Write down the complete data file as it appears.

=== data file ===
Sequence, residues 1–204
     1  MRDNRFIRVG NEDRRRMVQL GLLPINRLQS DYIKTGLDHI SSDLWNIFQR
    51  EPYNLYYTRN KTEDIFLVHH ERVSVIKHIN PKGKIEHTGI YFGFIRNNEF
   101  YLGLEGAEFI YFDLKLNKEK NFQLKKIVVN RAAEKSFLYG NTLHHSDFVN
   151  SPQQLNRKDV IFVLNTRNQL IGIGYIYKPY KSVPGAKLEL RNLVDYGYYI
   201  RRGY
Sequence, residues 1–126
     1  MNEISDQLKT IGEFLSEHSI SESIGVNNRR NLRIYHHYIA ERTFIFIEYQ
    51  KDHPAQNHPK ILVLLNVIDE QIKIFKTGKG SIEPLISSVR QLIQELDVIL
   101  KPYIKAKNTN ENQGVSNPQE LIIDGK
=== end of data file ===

Sequence, residues 1–204
     1  MRDNRFIRVG NEDRRRMVQL GLLPINRLQS DYIKTGLDHI SSDLWNIFQR
    51  EPYNLYYTRN KTEDIFLVHH ERVSVIKHIN PKGKIEHTGI YFGFIRNNEF
   101  YLGLEGAEFI YFDLKLNKEK NFQLKKIVVN RAAEKSFLYG NTLHHSDFVN
   151  SPQQLNRKDV IFVLNTRNQL IGIGYIYKPY KSVPGAKLEL RNLVDYGYYI
   201  RRGY
Sequence, residues 1–126
     1  MNEISDQLKT IGEFLSEHSI SESIGVNNRR NLRIYHHYIA ERTFIFIEYQ
    51  KDHPAQNHPK ILVLLNVIDE QIKIFKTGKG SIEPLISSVR QLIQELDVIL
   101  KPYIKAKNTN ENQGVSNPQE LIIDGK